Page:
The two-pane panoramic sunroof is now available only on Limited models, which now get a traditional smaller sunroof as standard equipment. Also, heated seats are now standard on all Sonatas except for the base GLS...more
The Sonata is the most important car in Hyundai’s lineup, so the company has a lot riding on the model, which was completely redesigned for 2011. Like all the Korean carmaker’s recently launched models, the Sonata is truly a world-class effort that helps wipe away any memories of the heinous Hyundais of a couple decades ago. The mid-size Sonata is at or near the top of its class in a broad range of categories—some you might expect (low price, fuel economy) and some you might not (power, torque, interior space, driving dynamics). The volume engine is a 198-hp, 2.4-liter direct-injected four-cylinder (200 hp in the SE model, which has dual exhausts). Instead of an optional six-cylinder, the Sonata’s more potent engine is a 274-hp, 2.0-liter turbocharged four-cylinder. Filling out the lineup is the 206-hp Hybrid model, which costs about $6000 more and sports a strangely aquatic face. It boasts fuel-economy ratings of 35/40 mpg city/highway and bangs heads with the Ford Fusion Hybrid and the Toyota Camry Hybrid. The styling of the Sonata is a big step up from that of its predecessor, with nice proportions and an elegant arc that sweeps from front to rear, although the distorted-looking grille can take some getting used to. Add in a low price, and the Sonata is one of the stronger contenders in its hypercompetitive class.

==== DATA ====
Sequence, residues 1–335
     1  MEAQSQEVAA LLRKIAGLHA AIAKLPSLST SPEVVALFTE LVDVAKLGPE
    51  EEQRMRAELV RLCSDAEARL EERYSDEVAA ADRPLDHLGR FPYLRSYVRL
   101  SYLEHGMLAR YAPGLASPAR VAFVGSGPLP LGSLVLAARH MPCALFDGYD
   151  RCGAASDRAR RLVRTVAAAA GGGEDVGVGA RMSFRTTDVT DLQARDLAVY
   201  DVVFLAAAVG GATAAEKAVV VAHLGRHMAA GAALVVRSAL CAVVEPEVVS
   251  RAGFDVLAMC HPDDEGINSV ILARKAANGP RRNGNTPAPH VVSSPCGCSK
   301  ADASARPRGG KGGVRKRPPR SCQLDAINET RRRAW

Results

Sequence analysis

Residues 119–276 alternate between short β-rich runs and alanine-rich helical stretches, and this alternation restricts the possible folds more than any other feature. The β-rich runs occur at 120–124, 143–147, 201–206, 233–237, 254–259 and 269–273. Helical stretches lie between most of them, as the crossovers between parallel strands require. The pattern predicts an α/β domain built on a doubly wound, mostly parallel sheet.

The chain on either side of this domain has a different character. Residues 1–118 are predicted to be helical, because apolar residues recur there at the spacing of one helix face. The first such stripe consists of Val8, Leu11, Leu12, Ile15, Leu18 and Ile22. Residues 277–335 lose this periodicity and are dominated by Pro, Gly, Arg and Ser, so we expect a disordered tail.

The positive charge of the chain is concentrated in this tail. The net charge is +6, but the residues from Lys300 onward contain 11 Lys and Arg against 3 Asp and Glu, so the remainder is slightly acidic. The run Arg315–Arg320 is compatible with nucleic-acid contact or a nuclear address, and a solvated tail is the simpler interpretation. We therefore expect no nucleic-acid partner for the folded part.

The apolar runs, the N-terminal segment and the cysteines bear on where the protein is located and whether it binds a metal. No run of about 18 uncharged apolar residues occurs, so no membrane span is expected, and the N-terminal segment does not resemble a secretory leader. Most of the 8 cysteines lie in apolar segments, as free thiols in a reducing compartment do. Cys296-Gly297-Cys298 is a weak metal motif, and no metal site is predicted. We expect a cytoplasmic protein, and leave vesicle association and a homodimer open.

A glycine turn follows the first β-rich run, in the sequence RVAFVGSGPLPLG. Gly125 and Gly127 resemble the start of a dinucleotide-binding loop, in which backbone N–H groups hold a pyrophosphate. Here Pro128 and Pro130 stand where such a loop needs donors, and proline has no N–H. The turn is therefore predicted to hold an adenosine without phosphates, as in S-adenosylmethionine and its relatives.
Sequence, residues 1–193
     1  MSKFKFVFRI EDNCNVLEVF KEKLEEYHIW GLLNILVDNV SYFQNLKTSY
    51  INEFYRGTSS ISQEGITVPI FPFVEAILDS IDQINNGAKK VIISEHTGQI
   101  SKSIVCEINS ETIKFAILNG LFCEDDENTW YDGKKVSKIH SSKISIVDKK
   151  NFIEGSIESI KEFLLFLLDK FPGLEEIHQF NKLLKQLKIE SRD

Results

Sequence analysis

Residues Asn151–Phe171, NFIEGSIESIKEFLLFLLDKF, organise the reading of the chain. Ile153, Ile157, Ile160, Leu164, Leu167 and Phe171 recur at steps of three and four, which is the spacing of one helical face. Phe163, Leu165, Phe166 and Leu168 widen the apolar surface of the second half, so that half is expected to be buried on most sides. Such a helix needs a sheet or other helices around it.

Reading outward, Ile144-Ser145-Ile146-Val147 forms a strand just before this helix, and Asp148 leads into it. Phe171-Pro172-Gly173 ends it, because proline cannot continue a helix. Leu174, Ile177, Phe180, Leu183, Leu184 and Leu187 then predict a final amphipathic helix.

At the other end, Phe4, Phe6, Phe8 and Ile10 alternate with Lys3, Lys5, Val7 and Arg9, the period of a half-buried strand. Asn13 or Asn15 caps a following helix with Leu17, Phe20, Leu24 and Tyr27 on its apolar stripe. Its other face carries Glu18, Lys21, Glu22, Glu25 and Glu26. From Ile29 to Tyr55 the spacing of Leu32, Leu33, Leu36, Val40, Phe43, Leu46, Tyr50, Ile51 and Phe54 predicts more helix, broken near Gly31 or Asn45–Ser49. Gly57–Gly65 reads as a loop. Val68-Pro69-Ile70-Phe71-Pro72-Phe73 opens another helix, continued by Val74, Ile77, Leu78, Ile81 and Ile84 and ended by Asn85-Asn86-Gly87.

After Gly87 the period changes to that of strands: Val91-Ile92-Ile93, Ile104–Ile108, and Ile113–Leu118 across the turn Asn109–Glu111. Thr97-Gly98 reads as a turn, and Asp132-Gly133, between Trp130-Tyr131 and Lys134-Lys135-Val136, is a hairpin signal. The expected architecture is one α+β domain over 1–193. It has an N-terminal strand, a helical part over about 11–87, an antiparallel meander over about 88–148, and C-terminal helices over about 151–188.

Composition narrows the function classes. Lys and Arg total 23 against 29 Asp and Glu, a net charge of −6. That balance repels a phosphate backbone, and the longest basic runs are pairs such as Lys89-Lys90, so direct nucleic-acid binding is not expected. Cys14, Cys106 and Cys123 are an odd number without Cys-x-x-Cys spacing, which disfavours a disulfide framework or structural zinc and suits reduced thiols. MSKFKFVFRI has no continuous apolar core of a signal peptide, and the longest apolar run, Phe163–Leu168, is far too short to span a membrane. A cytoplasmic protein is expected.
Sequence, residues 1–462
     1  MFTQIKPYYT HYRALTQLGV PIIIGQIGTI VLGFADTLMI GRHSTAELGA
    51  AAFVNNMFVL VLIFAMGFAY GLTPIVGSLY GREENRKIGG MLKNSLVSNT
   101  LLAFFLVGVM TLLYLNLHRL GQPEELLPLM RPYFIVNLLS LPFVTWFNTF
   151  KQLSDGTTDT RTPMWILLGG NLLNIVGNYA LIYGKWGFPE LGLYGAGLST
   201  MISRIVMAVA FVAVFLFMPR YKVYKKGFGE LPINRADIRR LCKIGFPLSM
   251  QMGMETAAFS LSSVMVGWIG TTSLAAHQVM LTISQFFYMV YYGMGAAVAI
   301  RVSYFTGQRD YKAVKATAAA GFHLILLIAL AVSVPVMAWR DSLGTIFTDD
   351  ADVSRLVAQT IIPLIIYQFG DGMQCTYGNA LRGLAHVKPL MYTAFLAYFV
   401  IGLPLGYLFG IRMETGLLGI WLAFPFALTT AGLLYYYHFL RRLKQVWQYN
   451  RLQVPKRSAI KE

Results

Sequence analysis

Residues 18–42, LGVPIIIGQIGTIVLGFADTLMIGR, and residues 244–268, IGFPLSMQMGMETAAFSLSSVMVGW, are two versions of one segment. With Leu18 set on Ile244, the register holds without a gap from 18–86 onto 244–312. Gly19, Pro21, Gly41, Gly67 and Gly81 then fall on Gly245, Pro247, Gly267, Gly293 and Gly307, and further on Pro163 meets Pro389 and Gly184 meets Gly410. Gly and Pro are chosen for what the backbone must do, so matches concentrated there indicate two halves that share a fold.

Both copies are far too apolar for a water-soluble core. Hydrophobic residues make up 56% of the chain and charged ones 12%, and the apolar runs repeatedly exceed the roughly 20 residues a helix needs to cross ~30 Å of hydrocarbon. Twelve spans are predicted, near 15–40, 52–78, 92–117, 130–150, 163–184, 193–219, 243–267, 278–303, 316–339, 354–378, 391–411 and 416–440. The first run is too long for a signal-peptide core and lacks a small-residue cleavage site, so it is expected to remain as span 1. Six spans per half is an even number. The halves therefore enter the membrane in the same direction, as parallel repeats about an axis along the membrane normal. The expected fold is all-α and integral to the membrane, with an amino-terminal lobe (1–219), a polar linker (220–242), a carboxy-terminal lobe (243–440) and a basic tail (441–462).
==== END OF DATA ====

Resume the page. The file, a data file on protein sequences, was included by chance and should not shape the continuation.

Front, front side, and side curtain air bags; active front head restraints; ABS; traction and stability control; the Blue Link telematics system; electronic brake-force distribution; and tire-pressure monitors are standard on all Sonatas.
Key Competitors For The 2013 Hyundai Sonata
- Ford Fusion
- Honda Accord
- Nissan Altima
- Toyota Camry